British Columbia LNG Project at Risk of 15-Year Delay

Petroliam Nasional Bhd., Malaysia’s state-owned energy company, said it may delay construction of its C$10-billion ($8.9 billion) Canadian liquefied natural gas project past 2030 unless proposed taxes are lowered this month.

The company, known as Petronas, needs the Canadian government and province of British Columbia to commit to lower taxes by the end of October to meet its mid-December target for a decision on the shipping terminal, Chief Executive Officer Shamsul Azhar Abbas said today in an e-mailed statement. The project is scheduled to start operating in 2018.

“In our last portfolio review exercise, the current project economics appeared marginal,” Shamsul said. “Missing this date will have the impact of having to defer our investments until the next LNG marketing window, anticipated in 10-15 years.”

Petronas and global rivals including Royal Dutch Shell Plc and Chevron Corp. are considering exporting gas from Canada’s Pacific Coast in liquid form to meet rising demand in Asia. They are pressing Canada’s westernmost province of British Columbia and the federal government for financial terms that would justify making multibillion-dollar investments.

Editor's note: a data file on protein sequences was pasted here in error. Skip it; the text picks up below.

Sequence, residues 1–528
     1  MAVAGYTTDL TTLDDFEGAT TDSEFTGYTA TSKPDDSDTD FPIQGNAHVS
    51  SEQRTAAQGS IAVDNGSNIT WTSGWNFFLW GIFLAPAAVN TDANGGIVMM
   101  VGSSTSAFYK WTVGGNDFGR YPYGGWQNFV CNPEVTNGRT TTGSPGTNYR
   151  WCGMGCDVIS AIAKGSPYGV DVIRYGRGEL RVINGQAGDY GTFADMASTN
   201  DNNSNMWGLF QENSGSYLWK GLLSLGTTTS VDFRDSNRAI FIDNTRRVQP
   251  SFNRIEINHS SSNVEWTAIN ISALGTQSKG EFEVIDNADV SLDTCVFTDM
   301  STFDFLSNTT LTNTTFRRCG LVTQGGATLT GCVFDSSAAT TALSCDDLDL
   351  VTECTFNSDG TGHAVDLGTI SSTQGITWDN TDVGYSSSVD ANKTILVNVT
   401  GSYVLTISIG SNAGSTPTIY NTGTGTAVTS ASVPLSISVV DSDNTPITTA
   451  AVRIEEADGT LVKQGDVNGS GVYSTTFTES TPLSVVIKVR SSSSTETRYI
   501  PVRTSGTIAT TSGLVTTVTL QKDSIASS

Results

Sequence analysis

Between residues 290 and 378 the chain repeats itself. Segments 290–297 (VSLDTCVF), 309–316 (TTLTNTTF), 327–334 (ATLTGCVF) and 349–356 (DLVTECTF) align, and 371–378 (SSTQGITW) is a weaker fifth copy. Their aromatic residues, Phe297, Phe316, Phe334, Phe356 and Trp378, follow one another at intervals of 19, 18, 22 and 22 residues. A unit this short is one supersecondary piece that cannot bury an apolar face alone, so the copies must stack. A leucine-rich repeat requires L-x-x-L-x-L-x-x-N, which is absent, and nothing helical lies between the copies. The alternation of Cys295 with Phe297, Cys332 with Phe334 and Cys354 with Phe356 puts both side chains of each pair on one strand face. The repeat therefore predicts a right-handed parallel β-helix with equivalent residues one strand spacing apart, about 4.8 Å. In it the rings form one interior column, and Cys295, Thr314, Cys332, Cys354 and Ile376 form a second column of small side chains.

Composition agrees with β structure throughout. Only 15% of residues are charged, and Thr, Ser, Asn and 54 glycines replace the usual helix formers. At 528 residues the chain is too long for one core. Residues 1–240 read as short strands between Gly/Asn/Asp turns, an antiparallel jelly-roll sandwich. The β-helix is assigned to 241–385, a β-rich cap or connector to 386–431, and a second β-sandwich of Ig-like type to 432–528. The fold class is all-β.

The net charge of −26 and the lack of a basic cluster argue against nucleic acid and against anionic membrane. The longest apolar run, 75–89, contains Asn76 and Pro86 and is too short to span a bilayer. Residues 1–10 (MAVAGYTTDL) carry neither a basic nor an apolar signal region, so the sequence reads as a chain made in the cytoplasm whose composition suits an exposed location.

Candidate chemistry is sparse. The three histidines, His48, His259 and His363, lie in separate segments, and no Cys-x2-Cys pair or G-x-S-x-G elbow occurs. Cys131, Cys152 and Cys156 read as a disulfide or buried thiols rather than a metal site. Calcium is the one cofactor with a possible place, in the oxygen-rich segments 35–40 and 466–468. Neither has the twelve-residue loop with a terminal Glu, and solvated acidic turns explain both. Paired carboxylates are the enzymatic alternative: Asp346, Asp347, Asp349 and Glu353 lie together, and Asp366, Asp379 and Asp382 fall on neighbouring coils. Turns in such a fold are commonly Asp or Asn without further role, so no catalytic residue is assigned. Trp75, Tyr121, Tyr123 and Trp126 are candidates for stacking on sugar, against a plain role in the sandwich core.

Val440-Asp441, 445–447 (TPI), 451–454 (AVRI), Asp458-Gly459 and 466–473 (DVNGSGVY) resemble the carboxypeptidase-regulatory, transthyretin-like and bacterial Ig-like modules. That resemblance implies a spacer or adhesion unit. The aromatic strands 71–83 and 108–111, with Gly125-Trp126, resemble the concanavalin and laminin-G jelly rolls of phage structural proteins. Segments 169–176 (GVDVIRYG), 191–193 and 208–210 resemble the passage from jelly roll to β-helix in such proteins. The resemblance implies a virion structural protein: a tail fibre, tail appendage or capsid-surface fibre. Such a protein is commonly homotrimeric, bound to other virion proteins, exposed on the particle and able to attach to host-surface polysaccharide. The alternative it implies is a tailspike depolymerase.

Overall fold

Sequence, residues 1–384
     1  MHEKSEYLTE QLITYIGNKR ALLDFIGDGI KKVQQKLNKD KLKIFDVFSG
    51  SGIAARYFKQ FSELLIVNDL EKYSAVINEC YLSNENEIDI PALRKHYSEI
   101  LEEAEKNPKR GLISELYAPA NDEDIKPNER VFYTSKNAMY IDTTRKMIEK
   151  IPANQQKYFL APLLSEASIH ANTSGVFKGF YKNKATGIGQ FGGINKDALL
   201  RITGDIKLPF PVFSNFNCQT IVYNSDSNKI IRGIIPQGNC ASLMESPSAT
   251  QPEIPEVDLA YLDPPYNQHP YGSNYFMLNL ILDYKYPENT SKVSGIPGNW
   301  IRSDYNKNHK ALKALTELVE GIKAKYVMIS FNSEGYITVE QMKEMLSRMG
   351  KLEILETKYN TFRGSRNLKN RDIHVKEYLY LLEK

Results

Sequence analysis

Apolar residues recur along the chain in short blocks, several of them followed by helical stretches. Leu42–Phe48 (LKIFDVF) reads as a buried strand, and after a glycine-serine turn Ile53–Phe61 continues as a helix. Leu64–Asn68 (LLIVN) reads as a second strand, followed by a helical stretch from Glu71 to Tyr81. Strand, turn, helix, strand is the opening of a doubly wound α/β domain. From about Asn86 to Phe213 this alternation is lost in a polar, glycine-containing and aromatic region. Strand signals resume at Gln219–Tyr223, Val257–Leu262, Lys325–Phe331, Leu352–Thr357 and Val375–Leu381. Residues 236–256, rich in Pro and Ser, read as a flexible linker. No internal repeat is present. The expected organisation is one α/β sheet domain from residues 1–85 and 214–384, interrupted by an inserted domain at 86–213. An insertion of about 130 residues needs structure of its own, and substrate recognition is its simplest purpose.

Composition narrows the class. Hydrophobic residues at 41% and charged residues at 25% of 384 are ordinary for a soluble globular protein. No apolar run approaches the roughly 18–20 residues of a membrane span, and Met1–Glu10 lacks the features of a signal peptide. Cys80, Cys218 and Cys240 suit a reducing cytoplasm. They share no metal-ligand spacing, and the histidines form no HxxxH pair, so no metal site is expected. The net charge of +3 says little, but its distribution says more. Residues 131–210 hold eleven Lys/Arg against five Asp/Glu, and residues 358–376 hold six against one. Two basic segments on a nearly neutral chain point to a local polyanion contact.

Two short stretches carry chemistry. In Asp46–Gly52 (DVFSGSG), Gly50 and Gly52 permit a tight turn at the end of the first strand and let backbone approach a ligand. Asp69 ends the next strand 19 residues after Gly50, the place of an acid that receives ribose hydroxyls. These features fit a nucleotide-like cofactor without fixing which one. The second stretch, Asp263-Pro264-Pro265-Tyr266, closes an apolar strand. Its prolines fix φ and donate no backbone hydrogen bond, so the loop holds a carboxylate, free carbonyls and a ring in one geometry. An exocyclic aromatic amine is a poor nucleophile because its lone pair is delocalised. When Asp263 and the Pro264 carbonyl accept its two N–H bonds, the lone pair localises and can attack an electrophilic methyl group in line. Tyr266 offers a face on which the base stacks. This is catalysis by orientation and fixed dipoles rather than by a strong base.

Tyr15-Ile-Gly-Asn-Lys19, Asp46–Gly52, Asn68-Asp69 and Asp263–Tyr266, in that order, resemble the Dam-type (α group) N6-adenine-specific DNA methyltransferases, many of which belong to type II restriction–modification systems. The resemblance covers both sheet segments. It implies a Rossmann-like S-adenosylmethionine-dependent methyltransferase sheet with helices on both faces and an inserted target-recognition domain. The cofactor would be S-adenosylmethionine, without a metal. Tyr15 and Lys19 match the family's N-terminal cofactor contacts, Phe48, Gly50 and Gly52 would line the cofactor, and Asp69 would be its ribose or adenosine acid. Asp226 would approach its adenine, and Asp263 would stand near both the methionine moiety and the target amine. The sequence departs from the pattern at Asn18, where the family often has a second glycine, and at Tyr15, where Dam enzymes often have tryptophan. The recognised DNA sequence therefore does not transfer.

Costs to develop liquefied natural gas, or LNG, are higher in Canada than elsewhere because of the tax proposals, pace of regulatory reviews and as local contractors charge more than in other countries, Shamsul said.

Tax Regime

Shamsul’s statement comes as British Columbia’s legislature prepares to start a new session today, during which the government has committed to finalizing an LNG-specific tax regime and also plans to introduce a policy on emissions from the shipping terminals.

British Columbia Premier Christy Clark is confident Petronas will decide to proceed with the project, known as Pacific NorthWest LNG, she said last week after meeting with Shamsul in Vancouver. The meeting followed similar warnings about the viability of the Canadian LNG project by Shamsul in an interview with the Financial Times of London.

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